“Any fool can make things bigger, more complex, and more violent. It takes a touch of genius-and a lot of courage-to move in the opposite direction.” - Albert Einstein

Aquinas College

Storm Water Treatment


Chesapeake Bay Foundation's Philip Merrill Environmental Center- three cisterns collect rainwater from roof for use in building
Photo by Robb Williamson, NREL PIX #10291

Storm water is becoming a more critical issue every day. As urban sprawl continues to replace natural areas with impervious surfaces, we compromise the hydrologic cycle's natural ability to filter water and recharge aquifers. Instead of rain drops irrigating the areas on which they fall, storm water runs off pavement, accumulates in the streets, and enters the storm sewer. The water is often carrying a myriad of pollutants picked up along the way, like motor oil, antifreeze, heavy metals and even pathogens. In most cities, storm sewers empty their contents into nearby waterways. Other cities still have combined sewers and storm water overwhelms the capacity of their wastewater treatment facilities. During heavy rains, release valves in the sanitary sewer open, discharging raw sewage and liquid industrial waste into nearby systems. In either scenario, the ever increasing storm water runoff poses major problems for cities and its citizens, and causes major damage to riparian habitats.

Storm water is not only a hazard and an expense for cities, but businesses as well. Storm water mitigation methods must be employed for most newly constructed buildings, leading to the addition of impervious surfaces like parking lots and rooftops. Retention ponds, and in some cases large underground storage tanks, must be installed and maintained at the expense of the building or business owner.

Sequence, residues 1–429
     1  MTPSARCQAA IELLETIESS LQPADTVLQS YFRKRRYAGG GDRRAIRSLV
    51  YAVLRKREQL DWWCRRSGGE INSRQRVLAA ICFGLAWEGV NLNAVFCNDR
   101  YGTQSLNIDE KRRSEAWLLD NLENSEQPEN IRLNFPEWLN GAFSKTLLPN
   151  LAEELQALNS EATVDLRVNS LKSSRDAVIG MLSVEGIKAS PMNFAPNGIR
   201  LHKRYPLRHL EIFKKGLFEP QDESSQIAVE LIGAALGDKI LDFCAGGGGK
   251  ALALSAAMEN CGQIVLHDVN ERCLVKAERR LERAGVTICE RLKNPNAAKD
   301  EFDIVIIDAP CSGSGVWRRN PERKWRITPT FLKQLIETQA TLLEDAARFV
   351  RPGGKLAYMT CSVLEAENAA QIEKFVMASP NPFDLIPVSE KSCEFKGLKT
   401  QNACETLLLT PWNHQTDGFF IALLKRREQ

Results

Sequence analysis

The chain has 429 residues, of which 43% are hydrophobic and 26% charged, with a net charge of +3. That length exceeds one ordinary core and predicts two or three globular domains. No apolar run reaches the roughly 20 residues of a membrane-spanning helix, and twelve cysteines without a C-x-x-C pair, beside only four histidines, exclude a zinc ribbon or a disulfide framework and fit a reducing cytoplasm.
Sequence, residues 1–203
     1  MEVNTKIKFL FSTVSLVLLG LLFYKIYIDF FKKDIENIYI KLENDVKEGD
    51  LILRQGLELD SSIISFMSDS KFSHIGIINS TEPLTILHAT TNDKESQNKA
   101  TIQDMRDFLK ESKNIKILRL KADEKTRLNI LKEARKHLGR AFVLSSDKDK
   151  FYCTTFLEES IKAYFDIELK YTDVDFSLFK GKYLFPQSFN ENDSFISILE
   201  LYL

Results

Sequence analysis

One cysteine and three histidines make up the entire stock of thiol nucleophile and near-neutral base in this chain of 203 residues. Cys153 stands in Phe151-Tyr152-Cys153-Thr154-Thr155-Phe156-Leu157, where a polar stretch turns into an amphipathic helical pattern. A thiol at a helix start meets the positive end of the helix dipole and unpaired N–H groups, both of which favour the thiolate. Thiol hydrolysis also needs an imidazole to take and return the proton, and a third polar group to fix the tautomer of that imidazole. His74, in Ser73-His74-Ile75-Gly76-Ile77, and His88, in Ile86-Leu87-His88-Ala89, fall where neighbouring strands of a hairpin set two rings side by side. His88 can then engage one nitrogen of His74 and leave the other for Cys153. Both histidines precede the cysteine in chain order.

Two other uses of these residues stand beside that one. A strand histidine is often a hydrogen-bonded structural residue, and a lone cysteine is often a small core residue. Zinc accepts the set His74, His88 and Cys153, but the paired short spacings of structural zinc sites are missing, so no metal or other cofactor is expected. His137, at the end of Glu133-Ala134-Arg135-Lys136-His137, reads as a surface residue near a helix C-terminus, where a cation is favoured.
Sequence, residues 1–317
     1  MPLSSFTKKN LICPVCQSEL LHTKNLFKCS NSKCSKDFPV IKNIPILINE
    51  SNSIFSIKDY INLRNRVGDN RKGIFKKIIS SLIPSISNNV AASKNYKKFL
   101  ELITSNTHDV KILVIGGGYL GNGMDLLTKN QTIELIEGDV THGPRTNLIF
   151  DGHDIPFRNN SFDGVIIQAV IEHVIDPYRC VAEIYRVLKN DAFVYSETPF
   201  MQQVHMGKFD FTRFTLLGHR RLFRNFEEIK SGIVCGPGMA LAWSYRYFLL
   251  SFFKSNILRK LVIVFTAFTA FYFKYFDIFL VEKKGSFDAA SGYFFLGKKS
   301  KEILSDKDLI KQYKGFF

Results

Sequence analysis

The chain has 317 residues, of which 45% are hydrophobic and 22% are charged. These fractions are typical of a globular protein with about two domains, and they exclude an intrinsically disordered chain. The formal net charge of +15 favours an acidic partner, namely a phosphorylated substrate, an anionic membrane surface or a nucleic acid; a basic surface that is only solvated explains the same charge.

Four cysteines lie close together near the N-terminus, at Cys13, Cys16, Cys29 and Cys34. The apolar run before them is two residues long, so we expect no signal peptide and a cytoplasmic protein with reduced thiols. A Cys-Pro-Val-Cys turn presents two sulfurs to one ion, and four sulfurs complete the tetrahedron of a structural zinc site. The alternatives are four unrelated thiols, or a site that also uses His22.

On the other hand, there are ways to be proactive about storm water mitigation as a business owner, such as capturing rainwater and using it for irrigation or hand washing. A common and very simple method of rainwater harvesting is the placement of rain barrels under gutters. The landscape around buildings can also be designed to allow storm water to infiltrate the ground rather than run off into the storm sewer or the sanitary sewer. Creating a rain garden, for example, can be a very effective method that will allow water to recharge aquifers. In addition, rain gardens reduce the otherwise added expense of the retainment and treatment of runoff posed upon business owners, local treatment facilities and area water bodies. Another very effective way to reduce storm water runoff is to landscape the rooftops of buildings. Green roofs are beneficial in many ways besides capturing rain water, such as extending the life of the roof, keeping the building cool in summer and warm in winter, providing wildlife habitat, reducing the urban heat island effect, absorbing carbon dioxide and creating aesthetically pleasing green space amidst the surrounding concrete.

Our rate of growth and consumption of green space is allowing storm water to overwhelm our waterways and city infrastructure. The most important thing to realize as business owners and home owners is that we must begin to employ storm water reduction methods if we want to protect our vital water resources.



CDM is a consulting, engineering, construction, and operations firm providing service to public and private clients worldwide. The CDM site offers case studies on various water management strategies.

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Header photo by Carol Y. Swinehart, courtesy of Michigan Sea Grant Extension
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